Thoughts While Watching Twelve Monkeys, the TV Series, in 2020, Part III of IX
It is not until the third episode of Twelve Monkeys that the audience gets a glimpse of the state of the world outside of Jones’s center of scientific allegiance. Humanity’s remnant has reverted to a tribal pattern, groups of people who are defined by their leader, their status, or their rank of strength. This is a familiar scenario to post-apocalyptic stories. Usually, tribes emerge from commonalities. People form support systems based on shared experience, or family ties, or even more basic shared traits, like language, or religious affiliations. In the Twelve Monkeys universe, the priority is immunity to an evolving viral epidemic.
The West VII is the proximal tribe which threatens Jones’s property and safety, and therefore, her work. They are called “scavs”, short for scavenger. Deacon, who becomes sort of an anti-hero in the series, leads the West VII. He is ruthless and firm, but he takes care of his own people. For Deacon, the future is a world that belongs to the immune. For all he cares, the rest can die or be killed. The weak or disadvantaged no longer have advocacy. Deacon sees the end of the present time, and he does whatever he can to protect those who are loyal to his vision. The West VII represents natural selection.
Deacon’s tribe allows us to see a post-apocalyptic future in which the rules of natural evolution select the strongest and most willing. This is a reminder that in a massive disaster, a global pandemic, it is not necessarily the best of humanity who survive. Those who rise to power, those who live on, are merely genetically superior. When he defends his action of killing everyone in the Western VII quarantine zone, he makes his case for the future. “Those survivors never stood a chance, son; their DNA sealed their fate years ago. The world belongs to the immune … us.”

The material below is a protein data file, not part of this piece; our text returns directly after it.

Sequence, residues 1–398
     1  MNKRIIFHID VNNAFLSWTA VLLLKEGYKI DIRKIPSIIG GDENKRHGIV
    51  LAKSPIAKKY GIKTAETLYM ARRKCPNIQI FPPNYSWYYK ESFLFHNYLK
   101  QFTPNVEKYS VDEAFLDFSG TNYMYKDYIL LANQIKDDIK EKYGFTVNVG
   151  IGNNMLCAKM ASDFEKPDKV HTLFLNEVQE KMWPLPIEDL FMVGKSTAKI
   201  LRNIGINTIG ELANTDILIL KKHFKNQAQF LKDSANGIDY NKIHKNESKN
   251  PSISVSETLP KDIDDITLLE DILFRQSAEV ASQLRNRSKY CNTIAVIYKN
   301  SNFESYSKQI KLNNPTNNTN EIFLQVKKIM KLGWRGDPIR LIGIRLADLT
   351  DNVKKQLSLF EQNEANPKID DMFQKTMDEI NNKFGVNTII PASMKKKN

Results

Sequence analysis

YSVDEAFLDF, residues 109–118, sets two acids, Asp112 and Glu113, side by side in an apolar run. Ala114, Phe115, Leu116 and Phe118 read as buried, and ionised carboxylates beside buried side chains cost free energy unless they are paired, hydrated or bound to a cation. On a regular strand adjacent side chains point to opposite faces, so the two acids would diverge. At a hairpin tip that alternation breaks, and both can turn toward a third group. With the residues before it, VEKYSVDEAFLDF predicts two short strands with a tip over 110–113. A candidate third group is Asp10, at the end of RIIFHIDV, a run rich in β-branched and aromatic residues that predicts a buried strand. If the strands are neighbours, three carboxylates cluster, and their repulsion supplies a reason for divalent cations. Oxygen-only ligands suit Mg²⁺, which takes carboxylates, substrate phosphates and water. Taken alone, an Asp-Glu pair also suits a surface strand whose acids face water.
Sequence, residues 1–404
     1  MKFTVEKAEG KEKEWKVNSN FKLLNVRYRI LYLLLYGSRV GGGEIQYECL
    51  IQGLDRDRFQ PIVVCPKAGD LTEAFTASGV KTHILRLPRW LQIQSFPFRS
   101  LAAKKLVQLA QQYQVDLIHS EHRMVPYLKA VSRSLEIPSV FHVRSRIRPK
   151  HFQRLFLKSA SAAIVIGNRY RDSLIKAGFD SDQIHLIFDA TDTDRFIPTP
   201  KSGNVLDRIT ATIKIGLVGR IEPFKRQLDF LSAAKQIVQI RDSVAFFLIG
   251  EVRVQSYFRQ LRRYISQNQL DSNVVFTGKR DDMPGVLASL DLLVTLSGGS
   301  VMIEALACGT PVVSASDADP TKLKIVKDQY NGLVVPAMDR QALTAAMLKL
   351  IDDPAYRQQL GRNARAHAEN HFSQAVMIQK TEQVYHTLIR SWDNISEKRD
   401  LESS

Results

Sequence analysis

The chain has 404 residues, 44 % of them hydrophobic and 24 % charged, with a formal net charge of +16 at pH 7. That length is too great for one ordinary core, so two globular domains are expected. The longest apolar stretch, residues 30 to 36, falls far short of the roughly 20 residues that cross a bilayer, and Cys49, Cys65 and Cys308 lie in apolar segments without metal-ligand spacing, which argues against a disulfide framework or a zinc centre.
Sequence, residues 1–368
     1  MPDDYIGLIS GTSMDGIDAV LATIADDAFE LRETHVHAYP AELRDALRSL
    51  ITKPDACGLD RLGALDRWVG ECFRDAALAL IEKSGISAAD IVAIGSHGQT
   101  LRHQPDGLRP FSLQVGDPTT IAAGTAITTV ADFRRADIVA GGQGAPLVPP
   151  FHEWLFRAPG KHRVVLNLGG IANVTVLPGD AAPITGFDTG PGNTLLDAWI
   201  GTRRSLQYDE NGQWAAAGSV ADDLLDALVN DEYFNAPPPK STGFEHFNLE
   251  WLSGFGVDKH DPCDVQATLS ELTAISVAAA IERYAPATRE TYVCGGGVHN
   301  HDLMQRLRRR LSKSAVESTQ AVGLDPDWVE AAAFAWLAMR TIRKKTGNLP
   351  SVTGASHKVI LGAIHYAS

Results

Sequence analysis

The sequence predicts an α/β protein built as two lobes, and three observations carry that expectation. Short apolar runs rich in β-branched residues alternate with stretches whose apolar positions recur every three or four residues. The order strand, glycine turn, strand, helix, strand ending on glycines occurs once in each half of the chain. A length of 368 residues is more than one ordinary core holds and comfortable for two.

Deacon’s approach represents a humanistic view toward the future. His logic does not rely on a scientific solution. His actions support the strongest, the most capable, whoever appears to be winning, he defends and protects. Deacon gains power by bullying the weak. After killing a small group of people in order to rifle through their goods, he clarifies—“Shame about the meek, they don’t inherit shit.” He references Christian scripture, the teachings of Jesus of Nazareth at the Sermon on the Mount—“Blessed are the meek for they will inherit the earth.” (Matthew 5.5). Deacon observes the opposite in the world post-pandemic. The weak are destroyed by the strong. The pandemic event eliminated an “old religion” with a new order—survival of the fittest.
Twelve Monkeys is currently streaming on Hulu.